“We spent MASHAV’s annual budget in the first two weeks of March. In the next couple of weeks, we’re going to send six more planes with medicine and medical equipment, and probably also some food, including for Moldova, which absorbed probably a quarter of its population in refugees, and Moldova’s means are limited. We’re trying to be creative Innovative and quick on our feet,” she said.

‘Going back to the stories of our grandparents’

While the United States announced its plan on Friday to accept up to 100,000 Ukrainian refugees, Israel had already accepted some 16,800 individuals, with the number climbing. While there have been allegations that Israel has opened its doors only or almost exclusively to Jews, Halperin said that claim is way off-base. In fact, the numbers tell a much different story.

As March 22, he reported, “we’ve had over 15,243 Ukrainians arrive in Israel (the numbers climbed to 16,858 by March 23). And out of that, less than 4,400 have citizenship eligibility or access under Israel’s Law of Return, provided to Jews and descendants as described in the law. That means over 10,000 have no grounds for aliyah [legal immigration to Israel]. They are not Jews. They are not family members of Jews who were eligible. And yet, they were welcomed,” said Halperin.

She said that counter to some reports, fewer than 300 Ukrainians who applied for refugee status have been refused entry, around 2% of applicants. That includes people who have a history of illegal stays in Israelis, such as entering as tourists but staying past their visas’ allowance and working illegally. Halperin also said some were refused entry due to suspicions that they were being trafficked and were vulnerable to abuse once entering Israel.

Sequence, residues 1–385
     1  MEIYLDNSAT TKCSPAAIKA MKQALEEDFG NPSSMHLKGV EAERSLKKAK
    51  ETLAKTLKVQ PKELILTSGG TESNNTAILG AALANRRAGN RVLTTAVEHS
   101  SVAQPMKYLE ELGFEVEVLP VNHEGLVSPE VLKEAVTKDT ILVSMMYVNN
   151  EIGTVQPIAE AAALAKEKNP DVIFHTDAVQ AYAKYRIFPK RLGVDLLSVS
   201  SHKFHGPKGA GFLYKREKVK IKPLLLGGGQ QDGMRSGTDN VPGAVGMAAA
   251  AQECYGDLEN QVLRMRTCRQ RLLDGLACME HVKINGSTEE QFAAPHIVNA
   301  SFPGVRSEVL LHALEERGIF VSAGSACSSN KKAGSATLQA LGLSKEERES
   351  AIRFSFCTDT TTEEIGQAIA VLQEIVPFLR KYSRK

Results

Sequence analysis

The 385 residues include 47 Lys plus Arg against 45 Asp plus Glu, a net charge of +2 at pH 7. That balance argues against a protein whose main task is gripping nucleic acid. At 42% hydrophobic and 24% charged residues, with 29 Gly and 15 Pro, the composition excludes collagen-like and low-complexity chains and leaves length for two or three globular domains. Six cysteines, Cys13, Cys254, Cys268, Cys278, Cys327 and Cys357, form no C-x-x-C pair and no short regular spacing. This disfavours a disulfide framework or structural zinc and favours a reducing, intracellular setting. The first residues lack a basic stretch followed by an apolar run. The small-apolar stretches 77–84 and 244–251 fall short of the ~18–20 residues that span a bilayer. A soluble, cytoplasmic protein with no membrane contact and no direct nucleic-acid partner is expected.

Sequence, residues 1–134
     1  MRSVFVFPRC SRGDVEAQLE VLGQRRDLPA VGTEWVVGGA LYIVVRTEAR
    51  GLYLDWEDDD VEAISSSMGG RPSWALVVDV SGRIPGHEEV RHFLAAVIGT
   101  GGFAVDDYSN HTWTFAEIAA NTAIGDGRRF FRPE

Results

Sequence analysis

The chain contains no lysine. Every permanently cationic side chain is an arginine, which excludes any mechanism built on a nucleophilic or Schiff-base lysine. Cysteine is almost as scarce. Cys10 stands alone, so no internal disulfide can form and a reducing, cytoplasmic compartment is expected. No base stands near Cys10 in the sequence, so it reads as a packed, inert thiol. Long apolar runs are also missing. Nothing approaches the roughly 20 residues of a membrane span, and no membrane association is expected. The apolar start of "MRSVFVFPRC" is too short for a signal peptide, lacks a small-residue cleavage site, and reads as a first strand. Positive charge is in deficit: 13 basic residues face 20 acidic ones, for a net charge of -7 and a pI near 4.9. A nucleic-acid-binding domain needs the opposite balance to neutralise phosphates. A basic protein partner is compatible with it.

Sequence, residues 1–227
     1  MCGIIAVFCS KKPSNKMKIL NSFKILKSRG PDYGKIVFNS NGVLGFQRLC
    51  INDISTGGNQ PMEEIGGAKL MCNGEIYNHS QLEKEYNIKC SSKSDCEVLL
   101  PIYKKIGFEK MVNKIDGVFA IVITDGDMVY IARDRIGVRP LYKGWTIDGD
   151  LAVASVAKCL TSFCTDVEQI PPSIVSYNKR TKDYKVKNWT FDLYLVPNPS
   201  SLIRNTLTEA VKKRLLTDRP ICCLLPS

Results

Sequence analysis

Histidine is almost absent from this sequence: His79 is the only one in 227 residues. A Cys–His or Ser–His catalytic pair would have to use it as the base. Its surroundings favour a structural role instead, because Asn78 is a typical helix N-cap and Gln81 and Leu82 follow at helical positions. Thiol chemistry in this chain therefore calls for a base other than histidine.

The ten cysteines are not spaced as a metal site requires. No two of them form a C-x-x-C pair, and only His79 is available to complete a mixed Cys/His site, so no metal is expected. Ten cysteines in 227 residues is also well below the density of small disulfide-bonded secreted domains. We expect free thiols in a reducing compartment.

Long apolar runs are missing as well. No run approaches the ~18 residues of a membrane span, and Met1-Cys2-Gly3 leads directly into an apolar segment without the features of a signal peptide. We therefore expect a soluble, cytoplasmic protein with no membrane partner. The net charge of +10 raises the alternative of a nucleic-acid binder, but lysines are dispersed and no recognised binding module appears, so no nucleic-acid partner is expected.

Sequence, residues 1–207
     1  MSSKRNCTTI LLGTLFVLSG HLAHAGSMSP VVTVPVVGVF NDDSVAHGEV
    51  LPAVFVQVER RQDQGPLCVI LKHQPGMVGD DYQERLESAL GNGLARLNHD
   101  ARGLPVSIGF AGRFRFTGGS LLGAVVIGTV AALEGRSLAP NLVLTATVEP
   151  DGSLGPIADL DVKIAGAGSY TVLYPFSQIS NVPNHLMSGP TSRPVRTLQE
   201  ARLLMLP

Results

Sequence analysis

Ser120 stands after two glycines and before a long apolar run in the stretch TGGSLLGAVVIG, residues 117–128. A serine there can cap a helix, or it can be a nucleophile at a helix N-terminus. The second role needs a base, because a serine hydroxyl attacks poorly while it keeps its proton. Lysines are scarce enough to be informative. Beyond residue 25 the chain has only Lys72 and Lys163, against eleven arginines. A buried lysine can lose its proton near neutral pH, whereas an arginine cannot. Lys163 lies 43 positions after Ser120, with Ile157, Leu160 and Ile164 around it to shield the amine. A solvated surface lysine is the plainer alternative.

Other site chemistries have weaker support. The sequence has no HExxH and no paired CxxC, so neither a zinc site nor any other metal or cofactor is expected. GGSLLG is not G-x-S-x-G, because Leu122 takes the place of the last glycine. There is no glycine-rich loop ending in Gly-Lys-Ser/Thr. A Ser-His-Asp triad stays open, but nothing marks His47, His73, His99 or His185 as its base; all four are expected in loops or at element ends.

“I don’t think even the United States has a lower percent of rejections, and Israel, like any country, is trying to be on one hand welcoming and very, very flexible in accepting and opening its arms, but also not allowing for that to be taken advantage by the less than positive forces in society,” said Halperin.

But the story is about much more than numbers, according to Schlein and Halperin.

“It’s going back to the stories of our grandparents. And as a diplomat, this is not something that I’ve done before,” said Schlein, recounting an encounter she recently experienced.

“I met this woman who came with her mother and two of her children. She’s from central Ukraine in a major city of Jewish life, and she is Jewish. And she said that she escorted her mother to the border with two of the children so the mother will take the two children to Israel. However, she herself was going to go back to Zhytomyr, where her husband is in a bomb shelter with two more kids. Think of the dilemma. Who do you send with your mother to go to Israel, and who do you leave with the father?” said Schlein.

While Israeli diplomats continue to find solutions to impossible problems, that question is one that even they may not be able to answer.

Speak Your Mind

Comments received without a full name will not be considered
Email addresses are NEVER published! All comments are moderated. J-Wire will publish considered comments by people who provide a real name and email address. Comments that are abusive, rude, defamatory or which contain offensive language will not be published

Got something to say about this?

This site uses Akismet to reduce spam. Learn how your comment data is processed.